Homemade Rooting Compound for Your Cuttings
by Pearl Sanborn
Gardening on a Dime
Gardening for (Almost) Nothing
Gardening Tips from Yesteryear
Although store bought rooting compound doesn't seem to be overly expensive, most folks don't know that it can be toxic due to the fungicide included to protect plant cuttings from disease.
Just as in humans, hormones stimulate various functions in plant growth. The first hormone discovered to cause root growth is called auxin, and the synthetic version of auxin is what we find in commercially sold compounds today.
The willow plant is a natural source of auxin. Therefore, it can be very easy to make up a fresh batch of homemade rooting compound whenever you need to plant some new cuttings.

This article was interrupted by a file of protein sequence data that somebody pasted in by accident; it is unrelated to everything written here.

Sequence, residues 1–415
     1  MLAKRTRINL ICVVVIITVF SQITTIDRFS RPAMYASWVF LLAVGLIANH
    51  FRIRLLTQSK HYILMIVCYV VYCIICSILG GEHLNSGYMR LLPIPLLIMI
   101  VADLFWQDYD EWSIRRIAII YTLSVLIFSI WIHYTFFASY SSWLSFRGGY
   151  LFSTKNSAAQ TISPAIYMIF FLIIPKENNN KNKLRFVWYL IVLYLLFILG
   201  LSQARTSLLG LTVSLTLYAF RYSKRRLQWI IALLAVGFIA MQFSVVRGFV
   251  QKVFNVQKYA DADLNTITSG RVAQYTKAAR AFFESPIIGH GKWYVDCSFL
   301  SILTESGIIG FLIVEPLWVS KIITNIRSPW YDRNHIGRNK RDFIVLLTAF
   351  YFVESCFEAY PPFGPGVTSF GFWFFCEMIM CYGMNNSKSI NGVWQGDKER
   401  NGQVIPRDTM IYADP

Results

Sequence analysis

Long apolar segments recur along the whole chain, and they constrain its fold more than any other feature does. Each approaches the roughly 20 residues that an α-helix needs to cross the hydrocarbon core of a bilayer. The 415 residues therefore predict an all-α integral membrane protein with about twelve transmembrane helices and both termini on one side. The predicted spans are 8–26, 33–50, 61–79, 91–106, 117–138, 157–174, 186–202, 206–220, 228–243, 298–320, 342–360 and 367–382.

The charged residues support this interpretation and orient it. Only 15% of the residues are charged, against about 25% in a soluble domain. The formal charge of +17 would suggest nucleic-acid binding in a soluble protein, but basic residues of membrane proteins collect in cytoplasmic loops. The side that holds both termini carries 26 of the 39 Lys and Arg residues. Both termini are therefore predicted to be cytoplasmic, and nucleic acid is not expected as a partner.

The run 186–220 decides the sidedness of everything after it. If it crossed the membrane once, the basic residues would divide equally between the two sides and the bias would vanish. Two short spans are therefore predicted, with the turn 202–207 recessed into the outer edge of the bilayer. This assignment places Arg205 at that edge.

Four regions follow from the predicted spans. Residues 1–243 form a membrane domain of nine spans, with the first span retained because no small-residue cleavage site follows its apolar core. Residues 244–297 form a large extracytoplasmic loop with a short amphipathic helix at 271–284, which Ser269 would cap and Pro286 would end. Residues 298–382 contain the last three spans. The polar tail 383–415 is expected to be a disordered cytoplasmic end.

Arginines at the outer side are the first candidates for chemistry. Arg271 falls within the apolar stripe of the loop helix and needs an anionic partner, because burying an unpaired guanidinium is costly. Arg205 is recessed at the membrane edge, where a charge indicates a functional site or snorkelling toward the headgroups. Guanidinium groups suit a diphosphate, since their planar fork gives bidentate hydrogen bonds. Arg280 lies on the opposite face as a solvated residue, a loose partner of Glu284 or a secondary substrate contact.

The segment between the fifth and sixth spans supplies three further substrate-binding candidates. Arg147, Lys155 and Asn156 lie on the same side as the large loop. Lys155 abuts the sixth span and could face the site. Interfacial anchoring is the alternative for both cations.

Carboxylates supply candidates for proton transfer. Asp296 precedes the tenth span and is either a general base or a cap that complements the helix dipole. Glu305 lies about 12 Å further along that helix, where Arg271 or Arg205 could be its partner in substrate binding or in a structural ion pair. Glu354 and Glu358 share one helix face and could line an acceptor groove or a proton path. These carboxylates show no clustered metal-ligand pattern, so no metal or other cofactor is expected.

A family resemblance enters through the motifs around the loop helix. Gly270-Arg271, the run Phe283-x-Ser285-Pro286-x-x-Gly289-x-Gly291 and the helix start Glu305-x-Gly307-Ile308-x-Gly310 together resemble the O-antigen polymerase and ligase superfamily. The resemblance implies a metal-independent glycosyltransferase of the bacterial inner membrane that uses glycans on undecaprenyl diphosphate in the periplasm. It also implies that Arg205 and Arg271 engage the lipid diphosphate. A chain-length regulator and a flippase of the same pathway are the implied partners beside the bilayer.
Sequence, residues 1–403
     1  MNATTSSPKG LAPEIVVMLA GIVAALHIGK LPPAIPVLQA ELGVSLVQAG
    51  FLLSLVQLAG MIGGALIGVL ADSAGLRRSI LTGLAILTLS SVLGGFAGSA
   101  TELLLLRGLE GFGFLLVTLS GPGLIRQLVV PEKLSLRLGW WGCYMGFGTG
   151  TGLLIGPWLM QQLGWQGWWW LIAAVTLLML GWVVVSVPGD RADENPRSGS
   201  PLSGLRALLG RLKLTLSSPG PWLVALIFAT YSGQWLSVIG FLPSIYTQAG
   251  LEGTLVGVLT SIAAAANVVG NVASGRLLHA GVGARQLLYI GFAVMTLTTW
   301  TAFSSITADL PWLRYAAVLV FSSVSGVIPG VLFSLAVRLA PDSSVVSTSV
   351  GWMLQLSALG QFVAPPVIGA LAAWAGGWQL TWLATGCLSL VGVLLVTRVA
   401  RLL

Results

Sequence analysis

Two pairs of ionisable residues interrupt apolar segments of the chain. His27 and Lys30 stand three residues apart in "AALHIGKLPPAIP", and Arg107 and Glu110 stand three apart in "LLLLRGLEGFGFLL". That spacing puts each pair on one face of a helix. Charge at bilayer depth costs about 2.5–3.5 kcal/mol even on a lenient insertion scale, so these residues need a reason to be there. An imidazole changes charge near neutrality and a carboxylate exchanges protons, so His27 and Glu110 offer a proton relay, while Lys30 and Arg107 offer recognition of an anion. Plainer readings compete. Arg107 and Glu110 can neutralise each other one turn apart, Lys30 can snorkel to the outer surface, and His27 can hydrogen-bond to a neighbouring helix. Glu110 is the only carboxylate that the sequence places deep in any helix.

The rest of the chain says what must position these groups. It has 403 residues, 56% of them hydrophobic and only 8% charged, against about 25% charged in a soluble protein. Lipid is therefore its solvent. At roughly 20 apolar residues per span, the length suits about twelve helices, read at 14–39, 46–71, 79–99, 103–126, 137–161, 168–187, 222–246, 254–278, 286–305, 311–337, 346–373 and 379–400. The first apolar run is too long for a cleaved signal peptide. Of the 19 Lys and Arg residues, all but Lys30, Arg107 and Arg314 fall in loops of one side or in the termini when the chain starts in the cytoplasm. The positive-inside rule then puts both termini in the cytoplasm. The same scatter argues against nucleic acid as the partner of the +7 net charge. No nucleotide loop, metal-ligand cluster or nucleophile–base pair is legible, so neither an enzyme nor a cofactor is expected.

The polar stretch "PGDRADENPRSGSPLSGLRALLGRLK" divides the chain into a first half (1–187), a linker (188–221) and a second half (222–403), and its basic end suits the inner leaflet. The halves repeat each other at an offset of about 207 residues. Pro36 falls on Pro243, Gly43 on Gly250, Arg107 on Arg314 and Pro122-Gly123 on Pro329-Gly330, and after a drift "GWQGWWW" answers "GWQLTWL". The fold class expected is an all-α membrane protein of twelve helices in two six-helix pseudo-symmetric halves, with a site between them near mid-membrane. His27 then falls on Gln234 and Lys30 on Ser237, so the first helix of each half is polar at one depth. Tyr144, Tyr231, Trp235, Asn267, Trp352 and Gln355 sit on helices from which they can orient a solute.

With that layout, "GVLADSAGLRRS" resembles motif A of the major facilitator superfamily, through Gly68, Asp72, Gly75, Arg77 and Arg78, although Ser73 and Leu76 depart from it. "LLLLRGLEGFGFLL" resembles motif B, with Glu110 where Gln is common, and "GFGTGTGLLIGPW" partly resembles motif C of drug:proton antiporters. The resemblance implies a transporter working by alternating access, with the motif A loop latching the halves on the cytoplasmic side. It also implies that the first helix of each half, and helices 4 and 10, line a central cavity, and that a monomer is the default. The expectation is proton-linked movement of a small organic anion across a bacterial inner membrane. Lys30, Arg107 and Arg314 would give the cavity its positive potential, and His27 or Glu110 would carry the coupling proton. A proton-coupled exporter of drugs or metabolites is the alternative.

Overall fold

- Gather a handful of willow branch tips
- Chop or mash into smaller pieces
- Fill small container with pieces
- Fill container with water & allow to sit overnight
- Remove willow pieces
- Dip cutting into the water, covering the stem
- Put cutting into your potting mix (or moist sand)
- Cover with a plastic bag to retain moisture
- After roots form, re-pot
Also, don't get rid of the willow water when you're done with your cuttings. Save it to water your plants!
If you don't have access to willow, dissolve a few aspirins in a jar of water. Aspirin is made from willow bark, so it can have the same effect as the willow water.
Live way better for far less with LittleCountryVillage.com Homesteading, cottage gardening, frugal living. Get your free newsletter overflowing with goodies like today's article! Copyright© Pearl Sanborn
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